That 25-minute concerto took him two years to write. The piece’s intricacy and innovative energy, with brief boogie-woogified left hand in the last movement and all that jazz, convinces me that the composer’s desperate statement is “nearly” true. This intricate piece of music took a mountain of work. It was an exhaustive labor of love, the outcome of which was to to unify two great traditions of music, old European orchestral and new American jazz, in such a work as this.

Here’s pianist Helene Grimaud performing it with the Berlin Philharmonic, conducted by Tugan Sokhiev:

https://www.youtube.com/watch?v=xbNoqzpbc0U

George Gershwin was doing similar renovations in classical music at about the same time as Maurice Ravel. And I was curious about this. Ravel’s Piano Concerto in G is, I think, so similar in feeling and era-sensitive timing to Gershwin’s Rhapsody in Blue, I was wondering who came first. I was thinking that Gershwin’s Rhapsody had premiered in 1934. Yesterday I learned on Wikipedia that Ravel’s upstart, jazzified Concerto in G was first performed in 1932.

So Ravel’s groundbreaking innovation scooped Gershwin’s?

Actually, not. As it turned out, Gershwin’s Rhapsody in Blue premiered in 1924!  not 1934, as I had thought.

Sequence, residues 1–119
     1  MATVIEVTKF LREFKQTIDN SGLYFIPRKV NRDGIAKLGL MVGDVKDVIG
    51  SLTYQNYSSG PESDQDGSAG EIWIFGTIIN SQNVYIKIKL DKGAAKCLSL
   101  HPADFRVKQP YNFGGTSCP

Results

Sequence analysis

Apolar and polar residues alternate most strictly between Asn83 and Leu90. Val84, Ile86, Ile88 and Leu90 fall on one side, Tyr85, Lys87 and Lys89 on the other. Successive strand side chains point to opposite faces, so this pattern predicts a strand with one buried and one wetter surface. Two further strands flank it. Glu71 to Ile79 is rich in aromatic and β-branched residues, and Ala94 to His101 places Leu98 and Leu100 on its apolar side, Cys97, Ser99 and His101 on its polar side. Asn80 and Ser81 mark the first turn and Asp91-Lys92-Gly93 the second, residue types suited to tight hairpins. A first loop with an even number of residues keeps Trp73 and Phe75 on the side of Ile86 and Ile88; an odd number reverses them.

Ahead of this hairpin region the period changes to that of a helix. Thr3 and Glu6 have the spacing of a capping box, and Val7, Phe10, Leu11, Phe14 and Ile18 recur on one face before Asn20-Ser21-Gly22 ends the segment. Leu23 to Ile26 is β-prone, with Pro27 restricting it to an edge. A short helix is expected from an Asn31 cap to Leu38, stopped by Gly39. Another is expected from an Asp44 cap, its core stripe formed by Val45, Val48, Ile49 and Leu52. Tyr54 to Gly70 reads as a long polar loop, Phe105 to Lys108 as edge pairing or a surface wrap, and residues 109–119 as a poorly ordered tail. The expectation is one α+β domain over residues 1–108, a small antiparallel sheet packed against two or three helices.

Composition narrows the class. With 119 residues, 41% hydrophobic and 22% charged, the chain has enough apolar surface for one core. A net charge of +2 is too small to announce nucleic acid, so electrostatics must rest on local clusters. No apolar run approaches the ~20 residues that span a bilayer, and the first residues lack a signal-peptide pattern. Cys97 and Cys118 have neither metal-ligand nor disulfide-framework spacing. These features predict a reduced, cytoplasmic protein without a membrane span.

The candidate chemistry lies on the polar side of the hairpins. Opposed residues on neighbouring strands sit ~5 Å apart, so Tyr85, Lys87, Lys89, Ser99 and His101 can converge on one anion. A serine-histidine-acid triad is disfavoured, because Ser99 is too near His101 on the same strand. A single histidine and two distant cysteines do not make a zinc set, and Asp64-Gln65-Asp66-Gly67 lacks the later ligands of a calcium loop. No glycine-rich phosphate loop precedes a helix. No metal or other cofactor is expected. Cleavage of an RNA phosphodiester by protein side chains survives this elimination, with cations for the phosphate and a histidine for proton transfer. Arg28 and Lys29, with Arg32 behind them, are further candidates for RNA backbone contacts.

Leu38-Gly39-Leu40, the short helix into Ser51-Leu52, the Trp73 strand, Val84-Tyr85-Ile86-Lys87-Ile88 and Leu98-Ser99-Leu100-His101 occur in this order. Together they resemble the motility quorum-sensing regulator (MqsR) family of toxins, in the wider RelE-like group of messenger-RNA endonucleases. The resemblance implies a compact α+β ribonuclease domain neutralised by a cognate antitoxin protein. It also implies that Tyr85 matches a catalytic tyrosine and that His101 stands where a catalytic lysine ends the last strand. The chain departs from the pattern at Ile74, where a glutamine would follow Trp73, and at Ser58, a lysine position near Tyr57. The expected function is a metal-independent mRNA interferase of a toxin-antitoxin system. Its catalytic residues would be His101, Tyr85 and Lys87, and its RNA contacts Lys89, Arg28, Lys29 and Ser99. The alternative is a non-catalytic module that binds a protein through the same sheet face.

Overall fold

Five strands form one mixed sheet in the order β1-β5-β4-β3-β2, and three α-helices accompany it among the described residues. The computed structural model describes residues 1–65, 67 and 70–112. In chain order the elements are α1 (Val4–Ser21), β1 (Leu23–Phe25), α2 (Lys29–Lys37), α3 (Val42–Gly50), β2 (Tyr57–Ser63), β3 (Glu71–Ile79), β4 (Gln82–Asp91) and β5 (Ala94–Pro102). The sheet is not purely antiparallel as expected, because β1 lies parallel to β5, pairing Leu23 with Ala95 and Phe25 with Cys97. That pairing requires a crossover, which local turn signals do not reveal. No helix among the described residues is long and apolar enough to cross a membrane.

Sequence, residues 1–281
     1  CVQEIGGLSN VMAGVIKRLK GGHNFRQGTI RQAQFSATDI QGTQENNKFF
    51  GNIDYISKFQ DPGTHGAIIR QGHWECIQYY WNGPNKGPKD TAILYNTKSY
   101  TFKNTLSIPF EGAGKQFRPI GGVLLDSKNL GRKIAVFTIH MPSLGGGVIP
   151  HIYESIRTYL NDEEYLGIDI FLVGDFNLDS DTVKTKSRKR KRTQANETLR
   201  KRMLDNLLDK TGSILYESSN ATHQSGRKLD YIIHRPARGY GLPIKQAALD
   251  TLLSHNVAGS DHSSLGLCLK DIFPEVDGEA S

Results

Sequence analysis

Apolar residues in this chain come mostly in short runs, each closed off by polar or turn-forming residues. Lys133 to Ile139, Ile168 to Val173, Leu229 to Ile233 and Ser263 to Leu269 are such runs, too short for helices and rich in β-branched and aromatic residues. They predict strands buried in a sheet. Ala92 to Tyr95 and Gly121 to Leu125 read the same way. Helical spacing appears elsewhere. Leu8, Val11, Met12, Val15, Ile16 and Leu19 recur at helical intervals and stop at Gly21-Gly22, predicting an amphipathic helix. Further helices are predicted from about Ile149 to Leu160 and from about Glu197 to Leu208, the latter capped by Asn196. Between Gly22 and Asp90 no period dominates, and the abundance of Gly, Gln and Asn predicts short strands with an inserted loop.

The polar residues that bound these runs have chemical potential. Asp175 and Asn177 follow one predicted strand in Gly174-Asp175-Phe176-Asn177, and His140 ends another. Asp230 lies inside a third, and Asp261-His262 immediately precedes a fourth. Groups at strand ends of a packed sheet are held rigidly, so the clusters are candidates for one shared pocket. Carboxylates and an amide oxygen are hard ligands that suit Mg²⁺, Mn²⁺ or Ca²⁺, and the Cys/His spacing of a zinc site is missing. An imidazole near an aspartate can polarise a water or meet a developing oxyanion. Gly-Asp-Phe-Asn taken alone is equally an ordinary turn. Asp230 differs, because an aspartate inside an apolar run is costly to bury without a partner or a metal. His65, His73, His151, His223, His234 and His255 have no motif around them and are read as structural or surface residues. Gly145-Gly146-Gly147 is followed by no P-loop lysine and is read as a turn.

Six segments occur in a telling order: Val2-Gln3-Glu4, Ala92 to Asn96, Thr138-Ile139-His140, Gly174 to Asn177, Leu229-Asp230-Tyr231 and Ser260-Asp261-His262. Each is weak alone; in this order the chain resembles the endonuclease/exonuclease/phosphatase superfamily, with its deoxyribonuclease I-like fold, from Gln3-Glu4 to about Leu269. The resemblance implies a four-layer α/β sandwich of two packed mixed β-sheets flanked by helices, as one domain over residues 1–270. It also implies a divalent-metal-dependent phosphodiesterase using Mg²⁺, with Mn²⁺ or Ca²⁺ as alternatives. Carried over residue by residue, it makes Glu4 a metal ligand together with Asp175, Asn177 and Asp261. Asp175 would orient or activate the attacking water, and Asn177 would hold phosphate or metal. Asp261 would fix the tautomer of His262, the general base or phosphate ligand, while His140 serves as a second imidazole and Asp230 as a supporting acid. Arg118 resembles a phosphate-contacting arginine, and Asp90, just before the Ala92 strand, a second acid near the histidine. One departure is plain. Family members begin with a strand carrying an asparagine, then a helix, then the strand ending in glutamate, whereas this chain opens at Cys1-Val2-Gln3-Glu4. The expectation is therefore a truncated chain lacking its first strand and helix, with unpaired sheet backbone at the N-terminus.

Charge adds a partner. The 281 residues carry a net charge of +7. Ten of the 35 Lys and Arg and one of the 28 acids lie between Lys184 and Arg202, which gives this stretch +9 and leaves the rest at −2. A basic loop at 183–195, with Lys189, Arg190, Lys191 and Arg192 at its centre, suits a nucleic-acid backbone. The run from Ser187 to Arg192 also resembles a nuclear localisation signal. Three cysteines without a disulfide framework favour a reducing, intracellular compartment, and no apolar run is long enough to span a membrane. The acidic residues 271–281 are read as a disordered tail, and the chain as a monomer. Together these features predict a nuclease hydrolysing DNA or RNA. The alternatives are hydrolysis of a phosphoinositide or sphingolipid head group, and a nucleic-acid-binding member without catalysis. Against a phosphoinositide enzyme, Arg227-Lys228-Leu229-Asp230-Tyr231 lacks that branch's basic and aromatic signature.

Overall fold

https://en.wikipedia.org/wiki/Rhapsody_in_Blue

Which only makes sense–that the American, being born and raised in the land of the blues, the western continent of jazz’s birth, with Louie Armstrong blowin’ his horn down in N’awlins, King Oliver movin’ up in Chicago, Duke Ellington finessin’ in New York, etc etc., it only makes sense that George would scoop the Frenchman Maurice Ravel in this musical transition from one golden age to another, one old continent to one new one.

Here’s a contemporary YouTube of pianist Makoto Ozone performing Rhapsody in Blue with the New York Philharmonic, conducted by Alan Gilbert. But warning! to you classical music purists out there: this is Ozone’s jazzed up version of Gershwin’s jazzed up original composition! George Gershwin would, I believe, be impressed:

https://www.youtube.com/watch?v=BxowOVIdnR0

But the discovery of this jazzed-up symphonic scoop is not the end of my story. A little further research early this morning online took me to one of the many black prodigies of American early jazz, Willie “the Lion” Smith. He was ticklin’ the ivories in Harlem and over on 52nd Street back in the day, early ’20’s, before George caught a vision for his blue masterpiece, and before Maurice grabbed hold of his jazzifyin’ Continental groundbreaker Concerto long abouts 1929-31.

Willie the Lion was an amazing, transitional piano impresario, and a legend back in the jazz age. Now this is where my great musical adventure, having begun in a moment of repose on Wednesday, and then morphing through Ravel and Gershwin, right into now, in the midst of Sunday morning’s research-driven blogfest. Are you ready for Willie?

https://www.youtube.com/watch?v=sBhbCjSnemE

Listen on!

 

Smoke